Chinese astronomers discover way to produce oxygen, water, and fuel from lunar resources

As humans plan to spend more time on the moon in the future, the need to generate essential resources such as oxygen, water, and fuel from the available resources on the lunar surface becomes crucial. A team of Chinese astronomers from Nanjing University has made a groundbreaking discovery that could simplify this process, potentially facilitating human exploration of space and even the establishment of a permanent lunar base.

The researchers conducted an analysis of lunar soil samples collected by China’s Chang’e 5 spacecraft and identified iron and titanium-rich materials that can serve as effective catalysts for producing oxygen and fuel from the carbon dioxide and solar radiation emitted by astronauts during their stay on the moon. This discovery holds great promise for enabling humans to survive and thrive on the moon for extended periods, taking a significant step towards space exploration and colonization.

The researchers believe that a form of “alien photosynthesis” could help people explore the moon and other planets in the solar system. They explain that the oxygen we breathe is produced by plants and other photosynthetic organisms, which use sunlight and carbon dioxide (CO2) to produce energy-rich sugars.

The proposed lunar life support system would utilize resources available on the moon such as lunar soil and solar radiation to electrolyze water, a process that would generate oxygen and hydrogen without any external energy input, making it a “zero energy” system. Additionally, the system would leverage lunar soil to dehydrate the gases that astronauts exhale, allowing for the production of oxygen and hydrogen separately.

To generate fuel for future missions, the system could use a process called “hydrogenation” to combine the carbon dioxide exhaled by moon residents with hydrogen produced by the system. The process is accelerated by lunar soil and can produce hydrocarbons like methane that can be used as fuel.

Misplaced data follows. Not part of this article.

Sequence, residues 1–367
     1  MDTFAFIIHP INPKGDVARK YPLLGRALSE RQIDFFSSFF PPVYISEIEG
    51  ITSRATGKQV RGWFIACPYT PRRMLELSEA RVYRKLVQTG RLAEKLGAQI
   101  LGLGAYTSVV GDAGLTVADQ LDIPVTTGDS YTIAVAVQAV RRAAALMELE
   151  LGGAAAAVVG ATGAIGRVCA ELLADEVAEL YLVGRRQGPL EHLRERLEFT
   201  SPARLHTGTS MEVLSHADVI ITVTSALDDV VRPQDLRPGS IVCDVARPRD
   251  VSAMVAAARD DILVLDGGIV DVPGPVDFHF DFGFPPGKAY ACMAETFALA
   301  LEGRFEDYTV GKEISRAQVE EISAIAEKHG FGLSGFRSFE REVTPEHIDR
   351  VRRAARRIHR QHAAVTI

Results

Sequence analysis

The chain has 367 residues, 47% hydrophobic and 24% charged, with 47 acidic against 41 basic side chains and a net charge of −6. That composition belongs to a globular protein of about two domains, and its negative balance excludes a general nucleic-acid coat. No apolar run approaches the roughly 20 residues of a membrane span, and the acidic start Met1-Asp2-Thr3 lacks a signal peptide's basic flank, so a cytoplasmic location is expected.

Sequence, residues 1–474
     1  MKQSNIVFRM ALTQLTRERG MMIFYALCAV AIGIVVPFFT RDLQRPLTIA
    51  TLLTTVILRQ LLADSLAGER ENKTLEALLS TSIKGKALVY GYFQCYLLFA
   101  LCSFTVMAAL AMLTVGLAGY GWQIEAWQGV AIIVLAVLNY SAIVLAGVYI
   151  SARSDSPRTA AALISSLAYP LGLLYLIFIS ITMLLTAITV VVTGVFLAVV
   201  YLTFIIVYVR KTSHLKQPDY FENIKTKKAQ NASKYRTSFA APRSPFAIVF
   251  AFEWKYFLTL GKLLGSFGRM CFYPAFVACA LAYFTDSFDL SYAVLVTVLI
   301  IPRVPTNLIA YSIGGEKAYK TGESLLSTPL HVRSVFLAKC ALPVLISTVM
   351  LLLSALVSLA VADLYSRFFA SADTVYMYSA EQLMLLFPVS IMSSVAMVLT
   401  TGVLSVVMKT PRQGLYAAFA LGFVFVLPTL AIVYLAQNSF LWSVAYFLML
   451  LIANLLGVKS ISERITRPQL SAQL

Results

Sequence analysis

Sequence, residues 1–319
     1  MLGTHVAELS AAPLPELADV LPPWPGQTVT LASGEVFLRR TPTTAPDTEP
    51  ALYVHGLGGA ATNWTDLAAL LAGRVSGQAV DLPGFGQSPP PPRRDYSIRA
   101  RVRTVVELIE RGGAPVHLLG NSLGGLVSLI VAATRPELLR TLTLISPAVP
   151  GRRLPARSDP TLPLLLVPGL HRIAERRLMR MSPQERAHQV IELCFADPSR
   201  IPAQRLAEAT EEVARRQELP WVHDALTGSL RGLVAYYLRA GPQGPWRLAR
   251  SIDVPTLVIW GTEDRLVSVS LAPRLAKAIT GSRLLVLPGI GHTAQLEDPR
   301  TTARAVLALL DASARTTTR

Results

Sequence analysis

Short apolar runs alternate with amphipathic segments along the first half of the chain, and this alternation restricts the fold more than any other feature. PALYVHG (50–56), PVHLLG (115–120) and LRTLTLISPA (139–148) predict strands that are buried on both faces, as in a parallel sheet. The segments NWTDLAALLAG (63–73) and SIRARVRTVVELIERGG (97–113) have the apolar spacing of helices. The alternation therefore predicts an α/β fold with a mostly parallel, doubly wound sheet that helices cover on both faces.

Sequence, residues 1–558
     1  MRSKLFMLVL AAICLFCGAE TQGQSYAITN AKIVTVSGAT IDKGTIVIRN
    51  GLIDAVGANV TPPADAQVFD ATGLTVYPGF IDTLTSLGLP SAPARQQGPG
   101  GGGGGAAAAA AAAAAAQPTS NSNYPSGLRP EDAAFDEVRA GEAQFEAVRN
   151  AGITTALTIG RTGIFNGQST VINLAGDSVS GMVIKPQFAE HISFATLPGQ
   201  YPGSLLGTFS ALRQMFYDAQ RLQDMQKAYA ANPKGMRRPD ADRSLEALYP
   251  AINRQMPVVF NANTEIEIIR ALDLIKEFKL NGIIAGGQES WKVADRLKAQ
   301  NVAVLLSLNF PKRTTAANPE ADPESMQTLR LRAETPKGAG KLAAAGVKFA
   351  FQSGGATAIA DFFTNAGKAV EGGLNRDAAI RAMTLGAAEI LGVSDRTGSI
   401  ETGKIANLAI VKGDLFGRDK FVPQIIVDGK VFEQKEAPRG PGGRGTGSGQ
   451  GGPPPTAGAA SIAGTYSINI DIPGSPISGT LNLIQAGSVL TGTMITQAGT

The lead researcher, Yao, emphasized the importance of using local resources to reduce the weight of the rocket and make extraterrestrial living sustainable and affordable. With this innovative system, future lunar inhabitants could generate essential resources and fuel on-site, paving the way for longer and more sustainable space missions.

The results of this study were published in the scientific journal Joule, and the team is now seeking opportunities to test this system in space, most likely during China’s future manned lunar missions. The researchers are also experimenting with various ways to improve the catalysts’ design, such as melting lunar soil to produce a “high-entropy nanostructured material.”

In the near future, the manned space flight industry will expand rapidly, ushering in the “Age of Space,” which is analogous to the “Age of Sail” in the 17th century, when hundreds of ships set sail. However, if we want to conduct large-scale exploration of other worlds, we must devise methods to reduce the payload by using as few supplies from Earth as possible and instead relying on resources from other worlds. The discovery by Chinese astronomers of a way to produce oxygen, water, and fuel from lunar resources is a significant step in this direction.

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